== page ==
School closure debate deferred as councillors seek more information
SIC councillors have deferred a debate on radical plans to shut five secondary departments and five primary schools until more information on the additional costs of transporting pupils over longer distances has been provided.
Members had been asked to sanction a string of closure consultations, beginning in 2013, as part of a “refresh” of the education blueprint. With the exception of Mid Yell, it would effectively end the junior high school model of educating secondary pupils after 40 years.
The council hopes it can save £3.25 million by shutting secondaries at Aith, Baltasound, Sandwick, Skerries and Whalsay, and primaries at Burravoe, North Roe, Olnafirth, Sandness and Urafirth by 2016.
The plans have been greeted by an outpouring of hostility from Shetland parents in the past week, most notably at a well-attended public meeting in Aith Public Hall on Monday evening.
Education and families committee vice-chairman George Smith felt that, despite the “phenomenal” efforts of children’s services director Helen Budge and her team over the summer, the report did not contain all the information required.
In particular, he was uncomfortable that there was no estimate of the “more than likely” additional transport costs of shutting schools and transporting pupils longer distances by bus every day.
That had been one of the main points raised at the Aith meeting, though committee chairwoman Vaila Wishart stressed there had been some “grave misunderstandings” about the report. There is no plan to close Aith tomorrow – a full consultation with detailed costings will have to be carried out first – and “we are not going to close schools willy-nilly”, she said.
Mrs Budge and her staff have been sent away to gather the extra information, with a special education and families committee meeting pencilled in for Friday 14th September. There should be no practical delay, because any committee decision can still then be ratified by the Full Council on 20th September as originally planned.
Speaking after the meeting, Ms Wishart said councillors had a full understanding of the would-be educational savings, but no information on how much transport costs might rise. Councillors also want more detail on the maximum travel time for pupils.
She said new councillors recognised the need for more “joined-up thinking” to avoid repeating past mistakes.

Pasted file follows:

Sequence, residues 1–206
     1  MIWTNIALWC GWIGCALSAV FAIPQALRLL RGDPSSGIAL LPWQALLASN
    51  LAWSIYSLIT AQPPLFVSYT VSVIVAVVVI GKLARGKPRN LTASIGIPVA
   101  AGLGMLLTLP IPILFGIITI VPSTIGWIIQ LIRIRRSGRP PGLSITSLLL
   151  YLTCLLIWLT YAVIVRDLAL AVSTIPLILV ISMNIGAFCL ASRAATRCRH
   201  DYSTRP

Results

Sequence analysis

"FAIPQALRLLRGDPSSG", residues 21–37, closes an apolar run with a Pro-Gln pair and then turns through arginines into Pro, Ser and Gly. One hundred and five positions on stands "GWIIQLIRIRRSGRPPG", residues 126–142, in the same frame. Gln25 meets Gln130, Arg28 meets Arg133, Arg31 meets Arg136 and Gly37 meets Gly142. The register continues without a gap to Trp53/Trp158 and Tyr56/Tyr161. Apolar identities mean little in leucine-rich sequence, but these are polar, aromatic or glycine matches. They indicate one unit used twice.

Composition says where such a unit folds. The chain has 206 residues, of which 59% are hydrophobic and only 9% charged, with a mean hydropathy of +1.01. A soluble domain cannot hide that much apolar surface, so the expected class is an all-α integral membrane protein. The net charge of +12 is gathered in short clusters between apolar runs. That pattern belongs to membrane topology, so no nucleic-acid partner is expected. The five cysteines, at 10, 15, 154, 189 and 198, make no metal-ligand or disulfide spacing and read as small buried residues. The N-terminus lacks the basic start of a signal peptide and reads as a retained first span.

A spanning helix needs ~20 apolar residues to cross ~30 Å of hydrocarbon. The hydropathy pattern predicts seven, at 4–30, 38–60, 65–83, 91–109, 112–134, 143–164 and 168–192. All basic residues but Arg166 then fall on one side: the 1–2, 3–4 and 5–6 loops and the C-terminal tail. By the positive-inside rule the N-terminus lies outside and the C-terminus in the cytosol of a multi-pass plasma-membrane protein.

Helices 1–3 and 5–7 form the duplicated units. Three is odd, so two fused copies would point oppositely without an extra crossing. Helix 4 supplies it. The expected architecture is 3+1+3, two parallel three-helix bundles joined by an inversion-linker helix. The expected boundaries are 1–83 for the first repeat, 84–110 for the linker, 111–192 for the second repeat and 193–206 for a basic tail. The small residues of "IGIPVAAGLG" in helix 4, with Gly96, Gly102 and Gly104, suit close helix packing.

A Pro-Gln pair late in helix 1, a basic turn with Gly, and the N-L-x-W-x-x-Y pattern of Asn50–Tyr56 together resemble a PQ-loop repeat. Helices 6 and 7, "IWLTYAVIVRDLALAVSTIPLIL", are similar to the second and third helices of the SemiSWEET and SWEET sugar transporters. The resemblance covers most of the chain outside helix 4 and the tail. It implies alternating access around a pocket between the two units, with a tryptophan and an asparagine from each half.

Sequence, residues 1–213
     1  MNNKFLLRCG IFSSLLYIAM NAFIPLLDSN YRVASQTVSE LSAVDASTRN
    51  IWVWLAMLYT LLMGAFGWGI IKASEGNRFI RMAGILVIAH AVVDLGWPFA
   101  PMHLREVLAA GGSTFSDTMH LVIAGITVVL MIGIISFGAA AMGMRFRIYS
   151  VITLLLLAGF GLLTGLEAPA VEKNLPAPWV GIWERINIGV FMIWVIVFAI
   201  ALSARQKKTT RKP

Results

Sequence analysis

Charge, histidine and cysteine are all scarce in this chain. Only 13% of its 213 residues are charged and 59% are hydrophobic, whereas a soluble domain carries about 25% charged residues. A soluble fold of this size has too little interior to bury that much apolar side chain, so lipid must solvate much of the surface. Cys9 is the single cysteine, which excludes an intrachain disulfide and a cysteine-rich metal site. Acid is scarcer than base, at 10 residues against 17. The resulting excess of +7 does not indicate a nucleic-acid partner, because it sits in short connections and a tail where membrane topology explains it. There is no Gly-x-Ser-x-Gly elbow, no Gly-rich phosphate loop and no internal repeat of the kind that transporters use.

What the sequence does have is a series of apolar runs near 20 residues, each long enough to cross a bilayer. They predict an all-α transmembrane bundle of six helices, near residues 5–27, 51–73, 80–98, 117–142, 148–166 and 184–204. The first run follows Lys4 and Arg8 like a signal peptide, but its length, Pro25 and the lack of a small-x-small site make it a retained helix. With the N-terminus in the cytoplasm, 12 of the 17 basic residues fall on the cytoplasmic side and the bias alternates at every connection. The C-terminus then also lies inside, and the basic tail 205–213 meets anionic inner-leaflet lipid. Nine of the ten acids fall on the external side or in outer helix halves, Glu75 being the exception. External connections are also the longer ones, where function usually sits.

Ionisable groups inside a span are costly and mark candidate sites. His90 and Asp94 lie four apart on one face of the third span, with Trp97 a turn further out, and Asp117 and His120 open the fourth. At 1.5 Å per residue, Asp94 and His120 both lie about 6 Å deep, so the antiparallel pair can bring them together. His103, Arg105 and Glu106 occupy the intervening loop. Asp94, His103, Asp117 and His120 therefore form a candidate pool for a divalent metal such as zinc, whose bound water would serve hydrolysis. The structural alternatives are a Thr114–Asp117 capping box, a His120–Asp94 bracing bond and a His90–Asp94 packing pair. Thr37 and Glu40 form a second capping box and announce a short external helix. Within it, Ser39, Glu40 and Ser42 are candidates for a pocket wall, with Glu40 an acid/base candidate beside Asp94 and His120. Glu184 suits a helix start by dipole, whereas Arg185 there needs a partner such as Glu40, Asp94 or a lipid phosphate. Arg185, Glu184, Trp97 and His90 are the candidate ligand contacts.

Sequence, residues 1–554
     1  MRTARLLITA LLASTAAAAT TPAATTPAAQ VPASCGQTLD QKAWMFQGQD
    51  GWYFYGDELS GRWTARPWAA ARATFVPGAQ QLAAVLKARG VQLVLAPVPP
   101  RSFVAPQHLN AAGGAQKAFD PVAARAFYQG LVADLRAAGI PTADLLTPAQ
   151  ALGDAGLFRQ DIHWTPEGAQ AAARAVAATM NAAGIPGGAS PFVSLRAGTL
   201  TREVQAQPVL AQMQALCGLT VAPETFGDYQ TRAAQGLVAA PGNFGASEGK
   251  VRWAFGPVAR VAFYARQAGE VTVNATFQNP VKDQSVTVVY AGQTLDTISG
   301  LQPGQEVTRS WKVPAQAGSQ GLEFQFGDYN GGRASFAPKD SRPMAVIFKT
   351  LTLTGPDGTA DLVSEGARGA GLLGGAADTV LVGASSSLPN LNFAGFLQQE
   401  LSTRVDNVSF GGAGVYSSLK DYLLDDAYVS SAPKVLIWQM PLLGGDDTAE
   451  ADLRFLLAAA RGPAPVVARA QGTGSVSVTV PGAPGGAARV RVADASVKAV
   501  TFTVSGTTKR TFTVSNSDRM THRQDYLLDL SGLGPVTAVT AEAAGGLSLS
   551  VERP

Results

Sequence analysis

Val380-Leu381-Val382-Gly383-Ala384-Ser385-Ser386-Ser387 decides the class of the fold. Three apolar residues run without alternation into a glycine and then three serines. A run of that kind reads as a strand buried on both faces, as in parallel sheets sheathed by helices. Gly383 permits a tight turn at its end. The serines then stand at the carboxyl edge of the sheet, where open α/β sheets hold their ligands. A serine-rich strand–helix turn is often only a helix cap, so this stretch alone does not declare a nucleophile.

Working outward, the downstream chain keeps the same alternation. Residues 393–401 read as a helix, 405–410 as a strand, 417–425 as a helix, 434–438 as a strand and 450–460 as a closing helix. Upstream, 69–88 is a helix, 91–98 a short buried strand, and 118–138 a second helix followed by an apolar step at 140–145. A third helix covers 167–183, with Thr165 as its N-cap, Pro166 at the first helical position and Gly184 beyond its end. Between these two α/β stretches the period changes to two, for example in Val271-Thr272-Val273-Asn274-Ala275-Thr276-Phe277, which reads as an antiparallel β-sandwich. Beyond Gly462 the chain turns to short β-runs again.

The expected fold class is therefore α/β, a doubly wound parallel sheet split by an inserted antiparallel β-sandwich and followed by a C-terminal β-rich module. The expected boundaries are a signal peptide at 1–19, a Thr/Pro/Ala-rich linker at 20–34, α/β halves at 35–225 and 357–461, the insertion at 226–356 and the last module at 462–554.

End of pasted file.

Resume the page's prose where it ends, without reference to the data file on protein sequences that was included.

“It’s not going to be deferred for long,” she said. “I was hoping the plan would be discussed without figures coming into it at all, but somehow it seemed as though people thought we were going to shut Aith Junior High without any detailed consultation.
“I hope the people feel that we are listening to what they have to say, and that we’re going to try and calm some of their major concerns about the proposals.”
She added: “I want to make it clear that nothing is going to happen until next year. We wouldn’t even have a proposal until next year, there wouldn’t be any closures for two years – but that seems to have got lost in the fog somehow.”
During this morning’s short discussion, watched by a handful of parents, councillor Frank Robertson said it had been clear during Monday’s meeting in Aith that folk felt there was a lack of detailed information.
Mr Robertson called for the council to look at the wider financial picture and get away from making savings in departmental “silos”.
Councillor Peter Campbell was frustrated by the deferral, feeling the council was “doing the community a disservice” – particularly those who had travelled to Lerwick to hear the debate.
Members did formally agree, as expected, to postpone a planned consultation this autumn on shutting Olnafirth’s 13-pupil primary school. That had already been delayed previously when education minister Mike Russell introduced a moratorium on school closures.
Mrs Budge said Cosla’s advice was that the SIC could go ahead and consult on that closure, but would need to consider “political, legal and practical challenges in doing so at this time”. Olnafirth will now form part of the wider “refresh” of the education blueprint.
Councillors received a sliver of good news from head of finance James Gray on efforts to save £1.9 million from the £46 million education and families budget in this financial year.
Reminding members that this council “will actually be bankrupt if these savings aren’t delivered” in the coming years, Mr Gray reported good progress – £1.4 million in savings have already been verified by his staff.
Among the measures introduced to save money are changes to primary and secondary teaching levels, abolishing the science and technology fair and lending international education staff to Aberdeen City Council.